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Sampurn Krishi Utthaan Foundation




What is FPO? Why Govt wants 10,000 FPOs? Why it fails?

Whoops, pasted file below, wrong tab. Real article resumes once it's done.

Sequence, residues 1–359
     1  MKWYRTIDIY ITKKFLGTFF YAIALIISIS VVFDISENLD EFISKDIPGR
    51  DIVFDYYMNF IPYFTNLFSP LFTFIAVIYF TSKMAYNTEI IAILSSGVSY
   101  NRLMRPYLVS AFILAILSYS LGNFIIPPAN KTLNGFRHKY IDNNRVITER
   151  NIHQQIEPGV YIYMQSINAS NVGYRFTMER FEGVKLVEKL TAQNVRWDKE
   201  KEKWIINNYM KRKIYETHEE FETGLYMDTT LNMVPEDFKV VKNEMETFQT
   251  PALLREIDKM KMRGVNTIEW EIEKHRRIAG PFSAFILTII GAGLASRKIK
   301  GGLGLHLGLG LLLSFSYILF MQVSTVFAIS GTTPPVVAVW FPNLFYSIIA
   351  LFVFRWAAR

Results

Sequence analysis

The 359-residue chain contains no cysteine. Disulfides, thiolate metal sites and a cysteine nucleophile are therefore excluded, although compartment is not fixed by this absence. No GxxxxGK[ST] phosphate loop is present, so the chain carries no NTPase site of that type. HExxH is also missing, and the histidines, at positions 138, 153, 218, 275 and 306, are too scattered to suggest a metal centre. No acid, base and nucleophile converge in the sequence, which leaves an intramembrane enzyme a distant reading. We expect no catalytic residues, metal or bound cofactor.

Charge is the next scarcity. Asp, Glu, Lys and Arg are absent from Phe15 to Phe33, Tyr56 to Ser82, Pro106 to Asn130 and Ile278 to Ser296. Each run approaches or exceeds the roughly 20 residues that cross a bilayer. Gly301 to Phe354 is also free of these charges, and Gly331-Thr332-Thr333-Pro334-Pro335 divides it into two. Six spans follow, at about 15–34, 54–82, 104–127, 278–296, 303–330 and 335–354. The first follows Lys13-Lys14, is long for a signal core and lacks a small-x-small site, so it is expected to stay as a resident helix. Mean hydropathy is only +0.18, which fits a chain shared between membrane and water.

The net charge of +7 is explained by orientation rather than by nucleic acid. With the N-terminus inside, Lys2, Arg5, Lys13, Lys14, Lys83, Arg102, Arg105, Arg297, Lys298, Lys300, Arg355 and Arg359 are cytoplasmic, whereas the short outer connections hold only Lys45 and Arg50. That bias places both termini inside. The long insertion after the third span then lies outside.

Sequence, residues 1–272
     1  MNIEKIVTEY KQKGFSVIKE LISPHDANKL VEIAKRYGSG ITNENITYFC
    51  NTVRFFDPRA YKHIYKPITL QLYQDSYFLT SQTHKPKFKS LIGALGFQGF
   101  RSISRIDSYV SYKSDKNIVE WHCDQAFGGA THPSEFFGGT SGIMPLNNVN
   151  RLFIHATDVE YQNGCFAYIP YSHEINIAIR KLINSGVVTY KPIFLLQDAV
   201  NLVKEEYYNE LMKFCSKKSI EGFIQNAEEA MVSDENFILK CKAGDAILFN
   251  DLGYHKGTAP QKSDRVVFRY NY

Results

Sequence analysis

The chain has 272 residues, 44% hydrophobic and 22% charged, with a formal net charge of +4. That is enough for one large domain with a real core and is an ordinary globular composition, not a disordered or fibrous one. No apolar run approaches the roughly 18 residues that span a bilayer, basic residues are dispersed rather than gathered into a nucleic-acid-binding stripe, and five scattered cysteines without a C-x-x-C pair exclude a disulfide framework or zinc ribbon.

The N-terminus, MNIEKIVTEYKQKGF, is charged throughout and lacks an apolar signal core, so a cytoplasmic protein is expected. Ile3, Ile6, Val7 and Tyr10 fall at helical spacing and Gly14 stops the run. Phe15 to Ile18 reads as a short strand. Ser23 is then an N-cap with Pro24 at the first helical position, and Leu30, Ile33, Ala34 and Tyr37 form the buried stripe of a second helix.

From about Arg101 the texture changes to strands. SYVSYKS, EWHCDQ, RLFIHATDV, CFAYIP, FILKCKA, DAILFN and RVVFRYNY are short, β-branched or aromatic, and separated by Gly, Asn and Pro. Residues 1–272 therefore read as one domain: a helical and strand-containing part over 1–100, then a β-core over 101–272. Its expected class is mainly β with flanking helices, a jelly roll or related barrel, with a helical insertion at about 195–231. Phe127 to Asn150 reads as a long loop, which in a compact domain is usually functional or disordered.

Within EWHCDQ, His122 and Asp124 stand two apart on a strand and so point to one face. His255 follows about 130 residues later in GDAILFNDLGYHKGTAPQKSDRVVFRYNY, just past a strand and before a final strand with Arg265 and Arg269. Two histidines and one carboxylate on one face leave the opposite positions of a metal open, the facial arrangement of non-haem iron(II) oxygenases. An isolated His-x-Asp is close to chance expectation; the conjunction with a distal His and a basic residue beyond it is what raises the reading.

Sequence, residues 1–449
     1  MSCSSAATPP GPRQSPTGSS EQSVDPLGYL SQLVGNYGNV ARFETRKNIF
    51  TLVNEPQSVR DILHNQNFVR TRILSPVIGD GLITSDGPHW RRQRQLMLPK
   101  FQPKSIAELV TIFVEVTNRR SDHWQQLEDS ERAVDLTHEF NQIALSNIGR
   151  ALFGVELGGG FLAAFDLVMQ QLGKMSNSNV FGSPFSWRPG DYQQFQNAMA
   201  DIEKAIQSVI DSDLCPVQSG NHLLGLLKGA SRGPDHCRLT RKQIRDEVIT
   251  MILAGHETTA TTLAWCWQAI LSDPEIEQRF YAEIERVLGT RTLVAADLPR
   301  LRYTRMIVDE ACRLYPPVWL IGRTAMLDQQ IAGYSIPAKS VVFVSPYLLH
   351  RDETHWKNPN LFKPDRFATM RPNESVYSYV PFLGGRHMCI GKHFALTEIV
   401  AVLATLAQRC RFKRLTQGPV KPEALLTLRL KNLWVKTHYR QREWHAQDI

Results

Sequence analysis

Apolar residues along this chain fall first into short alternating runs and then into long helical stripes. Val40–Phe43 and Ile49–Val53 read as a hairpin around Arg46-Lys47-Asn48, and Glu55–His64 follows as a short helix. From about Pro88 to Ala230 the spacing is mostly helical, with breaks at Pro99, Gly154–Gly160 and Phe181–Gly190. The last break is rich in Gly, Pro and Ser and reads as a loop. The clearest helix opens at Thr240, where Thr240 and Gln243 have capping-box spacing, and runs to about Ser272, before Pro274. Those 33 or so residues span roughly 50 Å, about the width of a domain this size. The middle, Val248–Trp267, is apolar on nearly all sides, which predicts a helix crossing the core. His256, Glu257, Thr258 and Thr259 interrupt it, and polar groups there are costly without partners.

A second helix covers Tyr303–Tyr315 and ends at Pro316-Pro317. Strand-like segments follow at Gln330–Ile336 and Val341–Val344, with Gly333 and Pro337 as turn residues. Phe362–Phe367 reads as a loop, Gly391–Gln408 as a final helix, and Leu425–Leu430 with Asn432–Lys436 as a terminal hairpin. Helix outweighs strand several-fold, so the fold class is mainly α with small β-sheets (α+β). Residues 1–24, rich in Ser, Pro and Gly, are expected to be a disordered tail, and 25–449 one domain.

In the early years, not many farmers will come forward. They have either experienced various other NGO initiatives and have sometimes faced disappointment. However, they have rarely seen an intervention that actually wants them to do business for their own benefit. In reality, the traders buy from well to do farmers on fair terms and try to cheat the smaller and lesser educated ones. Since the well-off farmers are opinion leaders and may not join the cooperative, there is hesitation among the majority to join it. There is also a fear of antagonizing the local trader who is also a source of loans not only for farming but also for personal emergencies and expenses like medical problems, children’s school expenses, weddings and so on. The fear is that not giving the farm produce to the trader and passing it on to the cooperative will cut them off from such loans. Though they know that the terms of trade are exploitative, there is a hesitation, even some fear, and anxiety about moving to a new system. NEED FOR MICROFINANCE AGENCY FOR ELIMINATING THIS NEXUS OF LOCAL TRADER GIVING LOANS (Shudh khori in Hindi). FPOs usually takes three to five years for this to stabilize and the NGO needs to have enough patience to go through with this. To get quick results there is a tendency to provide a healthy dose of subsidies and grants to the cooperative. A classic example is to give a higher purchase price to farmers than the market price. Another is to give input loans for farming. A third is to pay salaries to cooperative functionaries like accountants. All these subsidies no doubt give an initial boost to the fledgling cooperative and attract lots of new members but it is not sustainable. Either the cooperative makes a loss if it is not able to sell properly, or the loans don’t come back, or the subsidy needs to be perpetuated. The best cooperatives, in fact, go against conventional wisdom. They actually insist that farmers save money in their cooperative. Conventional wisdom says that we have to give them loans the best cooperatives, in fact, say that farmers need to save money in the cooperative. The economic logic of this is very simple. Make profits, keep a part of it aside, as savings and as the savings accumulate over the years the farmers no longer have to depend on external usurious money lenders. To be realistic, setting up a business, even a cooperative is difficult. Usually, NGOs and Governments do not have the skill to do that. Businessmen and business houses do have that skill, but they have a little incentive to promote cooperatives since the profits go to the farmers. Therefore, there is a need for in a motivated external facilitator. That facilitator has to first acquire business skill, without that it is not possible to promote cooperatives. Many Government and NGO interventions give operational and decision-making roles to themselves and very little to the farmer-members and their cooperatives. In fact, this is the model in the lakhs of Government run Cooperatives all over India including the well-known Primary Agricultural Cooperatives (PACs) in each gram panchayat. Most are not running well. The reason is simple. These cooperatives get external grants and subsidies which are managed by Government employees. These employees have no incentive to ensure that the cooperative runs profitably, and they are also not answerable to the farmers. Unfortunately, some NGOs also use this model. Why does this model of facilitator run cooperatives persist even today? It is based on a deeply held belief that farmers are not capable of running their own cooperatives. Is it possible to reconsider the bias against farmer-run cooperatives? Let’s take two famous quotes from Dr. Kurien. His response to the then Prime Minister of India on why Amul was successful and others were not was “Because the control, ownership, and management of the cooperatives is with the farmers.” Another of his famous quotes is “Cooperation is an act of faith. For those who have the faith, no explanation is required and to those who do not have the faith, no explanation is possible.” Trust is the very basis of a successful cooperative. What is trust mean? It means several things. It means that the farmers must trust the outside intervener, if you go in as an external facilitator, the farmer must trust you. The farmers must trust each other which is sometimes a problem in caste and faction driven villages. The farmer must trust that the cooperative will deliver sustainable benefits, and finally, the farmer must trust that the cooperative will run in a fair way. Initially, only a few farmers may come forward to join the cooperative. The others usually adopt a wait and watch approach and may join in subsequent years. Even for those who join, the most important way of establishing trust is to put in place a fair and transparent system of assessing the quality and price of the produce. The cooperative in fact, will fail if it pays the same price for good and bad quality. The reason is simple. The farmers who bring good produce feel that they have been cheated and the farmers who bring the bad produce and are getting a price have an incentive to bring more and more bad produce and when you go the market the price realized will be much lower. Therefore, the cooperative must have a fair system of assessing the quality and the price for each farmers produce. This quality assessment need not be very complex — it just needs to mirror what the local market does. Usually, the local trader who buys from the farmer in the village, does not assess quality. He, in fact, makes his money by reducing the weight and the price. The quality assessment, in fact, is done in the nearest semi-urban markets. The method for assessing quality for different crops in different regions may vary, but it is best to simply copy the local market practice. This initial method of intervention is very simple. It does not require much local storage space. During the season, a few farmers’ produce is enough to fill a small truck that can be transported immediately to the local market almost on a daily basis. It does not need any working capital. Usually, the buyer pays in a week and the members can wait that long. In any case, the local traders take much longer to pay them. The traders usually pay farmers after they receive payment from their buyers. Individual bonus motivates new members to join and old members to stay. Savings in the name of each member helps them over time to reduce or even eliminate their dependence on money lenders who charge very high interest rates and some surplus needs to be put aside into general reserves as the cooperative has expenses including transport, gunny bags, honorarium for bookkeepers, and expenses for the meeting that they hold and so on. So the next question we explore is what does the promoting organization do and what does the cooperative do? These are two different entities and their roles and responsibilities should be clear. A basic principle is that ideally, the promoter does facilitation and the cooperative actually runs the operations. This means that the promoter visits the town/urban markets and buyers and establishes market linkages with them. It is when the promoting NGO in its anxiety provides subsidies, incentives and free money or soft loans to each member that the problems start. Money coming in from outside into a cooperative is often considered free and the members don’t worry about what type of leader to elect or select. Often, they go by the local political leaders. The cooperative then flounders. On the other hand, when they understand that there is little free money and that instead, they have to invest their money, no doubt in small amounts, the right leadership invariably emerges. Some clear rules about the leaders need to be openly discussed with the members. So here are some issues that need open discussion in the process of training and social mobilization. First, What do you do with a leader who does not call meetings or does not attend meetings? Next, leaders who are affiliated to one or the other political party? Do we keep them or do we do something else with them? Next question is cooperative leaders who have long outstanding dues and loans. Last question is leaders who do not bring their produce to the cooperative but sell it to outside traders. When such issues are discussed openly, the general body invariably comes to the ‘right’ answers. Similarly, the rights and responsibilities of the leaders are discussed. Is he/she empowered by the general body to take decisions? Usually, there is a small committee of 5 to 7 people elected by the members who are given this authority. Decisions include where to sell and what to do with the sales proceeds and how to use the reserves, as well as how much to pay the volunteers who come to the collection center and weigh each farmer’s produce. So the first question that comes is when the members bring their produce into the cooperative do we pay them or do we not pay them? If we pay them, how much do we pay them? So, in the simple pool and sell model, all the members bring their produce into the cooperative. They are not paid up front, and the pooled produce is taken to a nearby market, sold and the money that is collected there is paid back to the members. This has several advantages in rural parts of India where the commission and the cheating that is done by middlemen is largely cut out and as a result, there is a significant increase in income of the members. The second question that arises here is who is going to take charge of marketing? Now, this is where, in the initial stages, one has to understand the psychology of an ordinary member or an ordinary farmer very clearly. What does he want? He wants that instead of going and giving his produce to the trader, who cheats him, and the farmer is aware that cheats him, he has now found a cooperative which, of course, pays him upfront. So, he is satisfied, and he goes back. Now, who is going to take charge of the produce and take charge of marketing and ensure that the money comes back and the person who has lent the money to the cooperative or the organization gets its loan back. This is where many cooperatives in the initial stages flounder. What happens, in reality, is when you start paying the cooperative members up front, all the money, all the members are very happy, they go home and nobody is bothered about the marketing. It is up to the promoter or the promoting agency, typically an NGO, sometimes a Government agency to take charge of all that produce and start marketing it. So, it is really up to the lender himself or the lending organization to take charge of the produce and market it. Now, this is not a scalable model. In the true spirit of a cooperative, the member should take charge of all operations, own it up and earn profits. The first mistake that promoters often make is that they take complete charge of all the operations. They should be avoided at all costs because this is not a scalable model and the mindset of the promoter is not of doing service to the members of the cooperative. The mindset of the promoter is to enable members to come together and run their own business. So, if the promoter is not to take charge, then in the initial stages itself, the promoter has to ensure that members are very much engaged in all aspects of the operations. For instance, when the produce is brought into the village cooperative, the members and their representatives have to take charge of: weighing the produce, assessing the quality, doing the financial transactions, issuing the receipts to the members, loading it into a godown or onto the transport, taking it to the markets, negotiating with the buyers, and taking the payment from the buyers, bringing it back to the village and disposing it to each and every member. These cycle of operations, the promoters task, is to ensure that members are capable of doing it. The second mistake that’s often made is that you allow the costs to build up. You see examples again and again of promoters investing a lot of money in fixed costs: land, buildings, equipment, transport sometimes, and borrowing huge amounts of money from various financial institutions to pay the members. All this adds up to the costs, and eventually, you know, you end up sometimes making big losses, and then you say, ‘well, this is not working’, and then you try to close it down. If you want to really reach a very, very large number of farmers, this idea of providing some incentive or inducement to get people to join is very difficult. And lastly, I would say, what is it that we’re trying to do? We’re trying to build a cooperative, not for one year. We’re trying to build a cooperative that will run for twenty, fifty or hundred years. So, that can only happen if the members take charge and they own up the cooperative and they run the business with your help initially and later on, on their own. But once you make them habituated to inducements, the guys who already got it will expect it next year. When you go to the nearby villages, they’ll say, “Well, you give them all these inducements, why don’t you give it to us?’, and you’re stuck in a catch 22 situation.” So, therefore, another mistake, to be avoided is that somehow or the other, we must provide some inducements to attract a large number of members. So, it all boils down finally to one simple thing, who owns a cooperative in the long run? In the long run, it is very clear it is owned by the members. We should build that principle of owned by the members from day one, and that can be done by giving them charge of operations, by ensuring that they invest not only their time and effort but also their money into the cooperative. That gives real ownership to the members and to the cooperative as a whole. So, there are some low hanging fruit which a cooperative can immediately handle, and one is jointly providing seed, fertilizer, and pesticide, which can considerably reduce the cost of farming for each individual member. So, a typical thing that a cooperative would do is negotiate with a large company which can either provide good quality seeds or fertilizer in bulk or even pesticides, so that, the cost of marketing and production come down. One thing that is often not understood is the quality of seed available to an average farmer in India, is a very questionable quality. So, if the cooperative can make good quality seed available, not only do the cost of the seed come down, but the value of the output goes up considerably because the yields increase. So, this is one thing that the power of numbers, the power of collectivization can do and this is rather easily done, and many FPOs (Farmer Producer Organizations) today actually are doing a reasonably good job of this. There is a later stage in the input where one can actually move towards organic fertilizers and now technology has available all over the country where the cost of organic fertilizer has come down considerably. At the same time, there was a fear earlier up to a few years ago, that using organic fertilizers would actually reduce the yield as well. But now fertilizers are available which are fully organic and which also, in fact, marginally increase the yield. So, the power of collectivization can actually make that happen and an added bonus is that organic foods today are picking up and there is a premium in the market for such foods. There is something unique about the agriculture sector where the capital investment may be very small but the working capital requirements are very large. BULLET POINTS Agrarian economy is based on TRUST, not hierarchy. Savings should be promoted over Incentives. If there is no surplus, there is no cooperative which can build Capital. The community where frictions are there within the members, there is no need to work hard choose better communities and strong leadership (of course they are not political leaders). FPO is not like it is helping to build market linkages done by few people in the marketing department. It includes up gradation from growing of quality produce to sorting, grading to accounting skills and so on. FPO is not just an entity which came to increase the farmers income. It should involve as many as members to add value to the group which of course has bargaining power from input to output side. Ravi Singh Choudhary Director Sampurn Krishi Utthaan Foundation